A Handbook of Comparative Social Policy
Show Less

A Handbook of Comparative Social Policy

Edited by Patricia Kennett

The current context of social policy is one in which many of the old certainties of the past have been eroded. The predominantly inward-looking, domestic preoccupation of social policy has made way for a more integrated, international and outward approach to analysis which looks beyond the boundaries of the state. It is in this context that this Handbook brings together the work of key commentators in the field of comparative analysis in order to provide comprehensive coverage of contemporary debates and issues in cross-national social policy research.
Buy Book in Print
Show Summary Details
You do not have access to this content

Chapter 3: Globalization, Human Security and Social Policy: North And South

Andrés Pérez-Baltodano


Andrés Pérez-Baltodano Introduction On the 100th anniversary of the Nobel Prize, 100 Nobel laureates signed a public statement in which they pointed out that the security of the planet depends on environmental and social reform at the global level: ‘It is time to turn our backs on the unilateral search for security, in which we seek to shelter behind walls’ (The Globe and Mail, 2001, A21). In their statement, the Nobel laureates echoed an argument that has become almost universally accepted by scholars and people in general: increasing global interconnectedness has created a crisis of human security that demands the formulation of strategies that transcend national boundaries. This argument was the central message of the United Nations Development Report of 1994 entitled New Dimensions of Human Security (see UNDP, 1994). In this report, the UN defined human security as ‘safety from the constant threats of hunger, disease, crime and repression’; and ‘protection from sudden and hurtful disruptions in the pattern of our daily lives – whether in our homes, in our jobs, in our communities or in our environment’ (UNDP, 1994: 3). The UN has pointed out more recently that globalization exacerbates human insecurity in both rich and poor countries: ‘In the globalizing world of shrinking time, shrinking space and disappearing borders, people are confronting new threats to human security – sudden and hurtful disruptions in the pattern of daily life’ (UNDP, 1999: 3). This chapter explores the phenomenon of globalization as a historical process that challenges the capacity...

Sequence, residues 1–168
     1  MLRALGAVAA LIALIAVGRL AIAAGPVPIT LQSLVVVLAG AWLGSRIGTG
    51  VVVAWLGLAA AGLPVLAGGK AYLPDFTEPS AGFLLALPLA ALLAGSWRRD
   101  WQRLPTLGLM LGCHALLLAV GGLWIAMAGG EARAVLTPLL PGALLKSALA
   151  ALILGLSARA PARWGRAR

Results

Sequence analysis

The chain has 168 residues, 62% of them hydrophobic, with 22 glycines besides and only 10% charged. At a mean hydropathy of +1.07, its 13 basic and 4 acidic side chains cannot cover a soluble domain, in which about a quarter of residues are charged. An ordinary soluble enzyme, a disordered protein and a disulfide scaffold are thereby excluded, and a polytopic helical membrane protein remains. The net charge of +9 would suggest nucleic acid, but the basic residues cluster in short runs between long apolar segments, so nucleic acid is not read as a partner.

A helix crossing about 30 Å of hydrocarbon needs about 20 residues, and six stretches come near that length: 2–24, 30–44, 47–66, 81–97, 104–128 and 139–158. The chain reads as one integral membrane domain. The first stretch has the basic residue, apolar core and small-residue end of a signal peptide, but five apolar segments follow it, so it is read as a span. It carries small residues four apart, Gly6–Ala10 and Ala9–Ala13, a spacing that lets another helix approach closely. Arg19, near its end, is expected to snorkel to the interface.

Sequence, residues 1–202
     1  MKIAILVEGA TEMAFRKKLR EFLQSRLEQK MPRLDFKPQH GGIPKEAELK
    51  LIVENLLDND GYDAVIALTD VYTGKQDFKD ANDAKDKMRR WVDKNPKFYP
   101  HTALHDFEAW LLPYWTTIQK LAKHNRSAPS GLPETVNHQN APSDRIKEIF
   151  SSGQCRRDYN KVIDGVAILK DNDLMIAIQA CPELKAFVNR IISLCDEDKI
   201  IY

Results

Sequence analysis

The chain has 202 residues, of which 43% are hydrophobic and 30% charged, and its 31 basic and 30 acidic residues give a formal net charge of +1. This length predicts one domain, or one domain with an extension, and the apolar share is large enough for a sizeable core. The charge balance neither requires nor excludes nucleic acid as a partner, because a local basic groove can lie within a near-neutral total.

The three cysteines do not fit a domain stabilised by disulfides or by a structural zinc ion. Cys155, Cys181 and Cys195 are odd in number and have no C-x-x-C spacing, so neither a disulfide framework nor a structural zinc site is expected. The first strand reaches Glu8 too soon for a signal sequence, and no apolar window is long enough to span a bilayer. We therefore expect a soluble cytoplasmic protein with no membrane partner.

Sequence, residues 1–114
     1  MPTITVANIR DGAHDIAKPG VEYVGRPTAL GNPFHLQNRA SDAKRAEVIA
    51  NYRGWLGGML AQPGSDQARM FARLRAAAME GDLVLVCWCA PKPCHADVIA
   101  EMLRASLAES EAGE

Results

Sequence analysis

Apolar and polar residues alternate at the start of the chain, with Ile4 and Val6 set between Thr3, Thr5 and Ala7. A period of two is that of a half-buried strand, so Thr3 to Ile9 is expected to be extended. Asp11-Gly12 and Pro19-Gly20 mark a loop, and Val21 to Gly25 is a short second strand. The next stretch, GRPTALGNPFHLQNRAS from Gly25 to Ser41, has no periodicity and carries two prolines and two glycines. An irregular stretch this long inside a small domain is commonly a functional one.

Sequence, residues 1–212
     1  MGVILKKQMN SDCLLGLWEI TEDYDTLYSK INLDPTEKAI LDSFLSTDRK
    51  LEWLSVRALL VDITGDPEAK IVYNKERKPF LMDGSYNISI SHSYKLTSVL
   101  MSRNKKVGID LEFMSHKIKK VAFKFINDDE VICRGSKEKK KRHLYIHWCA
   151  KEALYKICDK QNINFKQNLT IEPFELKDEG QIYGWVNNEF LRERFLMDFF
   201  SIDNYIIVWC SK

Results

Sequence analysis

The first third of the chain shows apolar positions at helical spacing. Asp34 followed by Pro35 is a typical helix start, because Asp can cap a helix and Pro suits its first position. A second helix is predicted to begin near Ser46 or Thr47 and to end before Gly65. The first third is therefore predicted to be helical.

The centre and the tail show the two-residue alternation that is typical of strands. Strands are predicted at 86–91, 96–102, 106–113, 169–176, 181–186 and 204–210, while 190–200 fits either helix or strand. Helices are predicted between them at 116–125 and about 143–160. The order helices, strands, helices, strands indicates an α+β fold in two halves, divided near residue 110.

You are not authenticated to view the full text of this chapter or article.

Elgaronline requires a subscription or purchase to access the full text of books or journals. Please login through your library system or with your personal username and password on the homepage.

Non-subscribers can freely search the site, view abstracts/ extracts and download selected front matter and introductory chapters for personal use.

Your library may not have purchased all subject areas. If you are authenticated and think you should have access to this title, please contact your librarian.

Further information

or login to access all content.